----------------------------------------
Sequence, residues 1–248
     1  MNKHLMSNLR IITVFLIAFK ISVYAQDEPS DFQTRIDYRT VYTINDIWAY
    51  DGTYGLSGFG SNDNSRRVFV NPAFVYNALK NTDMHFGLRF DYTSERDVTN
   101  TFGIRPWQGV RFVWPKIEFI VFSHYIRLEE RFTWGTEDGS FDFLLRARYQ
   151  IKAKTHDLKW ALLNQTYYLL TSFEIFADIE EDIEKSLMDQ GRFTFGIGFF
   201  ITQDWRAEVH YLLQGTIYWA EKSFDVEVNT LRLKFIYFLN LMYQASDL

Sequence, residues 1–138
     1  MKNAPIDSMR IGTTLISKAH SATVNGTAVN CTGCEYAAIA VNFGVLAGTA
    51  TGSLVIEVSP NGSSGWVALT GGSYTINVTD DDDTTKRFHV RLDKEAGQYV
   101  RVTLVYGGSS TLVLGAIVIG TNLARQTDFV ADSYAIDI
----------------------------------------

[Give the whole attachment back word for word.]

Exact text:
Sequence, residues 1–248
     1  MNKHLMSNLR IITVFLIAFK ISVYAQDEPS DFQTRIDYRT VYTINDIWAY
    51  DGTYGLSGFG SNDNSRRVFV NPAFVYNALK NTDMHFGLRF DYTSERDVTN
   101  TFGIRPWQGV RFVWPKIEFI VFSHYIRLEE RFTWGTEDGS FDFLLRARYQ
   151  IKAKTHDLKW ALLNQTYYLL TSFEIFADIE EDIEKSLMDQ GRFTFGIGFF
   201  ITQDWRAEVH YLLQGTIYWA EKSFDVEVNT LRLKFIYFLN LMYQASDL

Sequence, residues 1–138
     1  MKNAPIDSMR IGTTLISKAH SATVNGTAVN CTGCEYAAIA VNFGVLAGTA
    51  TGSLVIEVSP NGSSGWVALT GGSYTINVTD DDDTTKRFHV RLDKEAGQYV
   101  RVTLVYGGSS TLVLGAIVIG TNLARQTDFV ADSYAIDI